Razamanaz also contains covers of Leon Russell (“Alcatraz”) and Woody Guthrie (“Vigilante Man”). “Bad Bad Boy” and “Broken Down Angel” were issued as singles. This and the followup feature cover art by illustrator Dave Field (Ginhouse, Spiteri, Hanson, Strider) who also designed the cover of that year’s Next album by fellow Scots the Sensational Alex Harvey Band.

In November 1973, Nazareth issued their second Glover-produced album, Loud ‘n’ Proud. Five of the eight tracks are group originals, including the side-one numbers “Not Faking It,” “Go Down Fighting,” and “Free Wheeler.” The album also includes covers of Little Feat (“Teenage Nervous Breakdown”), Joni Mitchell (“This Flight Tonight“), and a nine-minute rendition of Bob Dylan’s “The Ballad of Hollis Brown,” which features Agnew on fuzz bass. Loud ‘n’ Proud topped the charts in Austria, where it was issued on the Vertigo “spaceship” label.

Nazareth’s fifth album, Rampant, was recorded in Montreux, Switzerland, and released in April 1974. It starts with the buzzing fan-favorite “Silver Dollar Forger (Parts 1 & 2)” and proceeds through seven further group originals, including “Loved and Lost” and “Shanghai’d in Shanghai.” The only cover is The Yardbirds “Shapes of Things,” affixed to the album-closing “Space Safari.”

Rampant is the third and last of their Glover-produced albums. The cover art is credited to the UK design firm Hipgnosis and American artist Joe Petagno, whose work is featured on mid-70s albums by Renaissance (Turn of the Cards), Captain Beyond (Sufficiently Breathless), Baker Gurvitz Army (Baker Gurvitz Army, Elysian Encounter), Man (Welsh-Connection), The Graeme Edge Band (Kick Off Your Muddy Boots), Roy Harper (Valentine), Clifford T. Ward (Escalator), and The Kinks (Soap Opera).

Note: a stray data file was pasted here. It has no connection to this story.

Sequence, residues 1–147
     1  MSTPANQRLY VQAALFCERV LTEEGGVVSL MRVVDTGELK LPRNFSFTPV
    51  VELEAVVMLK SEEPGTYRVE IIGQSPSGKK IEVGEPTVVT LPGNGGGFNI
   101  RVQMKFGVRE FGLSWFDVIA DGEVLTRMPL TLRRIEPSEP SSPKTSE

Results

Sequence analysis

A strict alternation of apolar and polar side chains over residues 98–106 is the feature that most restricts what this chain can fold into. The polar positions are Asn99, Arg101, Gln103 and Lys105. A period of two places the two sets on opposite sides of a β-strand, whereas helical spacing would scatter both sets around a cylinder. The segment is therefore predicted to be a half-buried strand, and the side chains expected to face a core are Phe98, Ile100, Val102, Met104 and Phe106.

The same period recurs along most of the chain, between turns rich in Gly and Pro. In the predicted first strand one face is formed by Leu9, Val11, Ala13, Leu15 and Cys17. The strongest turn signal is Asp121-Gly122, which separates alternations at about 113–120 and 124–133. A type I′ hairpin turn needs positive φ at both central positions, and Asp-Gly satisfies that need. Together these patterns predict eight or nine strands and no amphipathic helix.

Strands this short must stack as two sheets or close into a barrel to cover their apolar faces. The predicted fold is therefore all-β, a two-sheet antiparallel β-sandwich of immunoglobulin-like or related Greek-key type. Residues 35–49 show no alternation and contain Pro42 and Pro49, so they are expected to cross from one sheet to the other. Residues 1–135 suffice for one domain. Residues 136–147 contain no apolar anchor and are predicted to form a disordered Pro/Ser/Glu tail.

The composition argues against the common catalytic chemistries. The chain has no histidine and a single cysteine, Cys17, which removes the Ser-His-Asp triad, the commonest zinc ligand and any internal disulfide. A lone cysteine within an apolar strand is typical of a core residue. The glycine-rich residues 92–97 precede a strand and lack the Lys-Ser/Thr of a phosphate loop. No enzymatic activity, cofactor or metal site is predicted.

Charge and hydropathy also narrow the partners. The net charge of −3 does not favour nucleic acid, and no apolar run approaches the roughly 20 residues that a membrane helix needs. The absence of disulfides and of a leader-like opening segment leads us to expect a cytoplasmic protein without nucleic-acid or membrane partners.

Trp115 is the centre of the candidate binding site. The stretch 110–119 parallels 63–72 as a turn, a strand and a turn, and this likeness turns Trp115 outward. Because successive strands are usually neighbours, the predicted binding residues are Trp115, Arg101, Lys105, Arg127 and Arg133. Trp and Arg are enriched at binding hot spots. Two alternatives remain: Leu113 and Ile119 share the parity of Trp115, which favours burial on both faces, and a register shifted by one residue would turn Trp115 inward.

In late 1974, Nazareth issued a non-album cover of the Boudleaux Bryant-penned “Love Hurts” (b/w “Down”), first recorded in 1960 by the Everly Brothers. It was followed in early 1975 by another cover, “My White Bicycle” (b/w “Miss Misery”), originally released in 1967 by Tomorrow. Charlton produced both singles and the subsequent Hair of the Dog, released that April. The original UK version includes five originals, including the latter b-side and “Rose in the Heather,” “Changin’ Times,” and “Please Don’t Judas Me.”

To capitalize on the transatlantic success of “Love Hurts” (US #8, Can. #1), the song was added to North American pressings of Hair of the Dog. The album’s cover art was illustrated by David Fairbrother-Roe, whose distinct fantasy imagery is seen on subsequent albums by Jon Anderson (Olias of Sunhillow) and Popol Ace (Stolen From Time).


Discography:

  • Nazareth (1971)
  • Exercises (1972)
  • Razamanaz (1973)
  • Loud ‘n’ Proud (1973)
  • Rampant (1974)
  • Hair of the Dog (1975)
  • Close Enough for Rock ‘n’ Roll (1976)
  • Play ‘n’ the Game (1976)
  • Expect No Mercy (1977)
  • No Mean City (1979)
  • Malice in Wonderland (1980)
  • The Fool Circle (1981)
  • ‘Snaz (live, 1981)
  • 2XS (1982)
  • Sound Elixir (1983)
  • The Catch (1984)
  • Cinema (1986)
  • Snakes ‘n’ Ladders (1989)
  • No Jive (1991)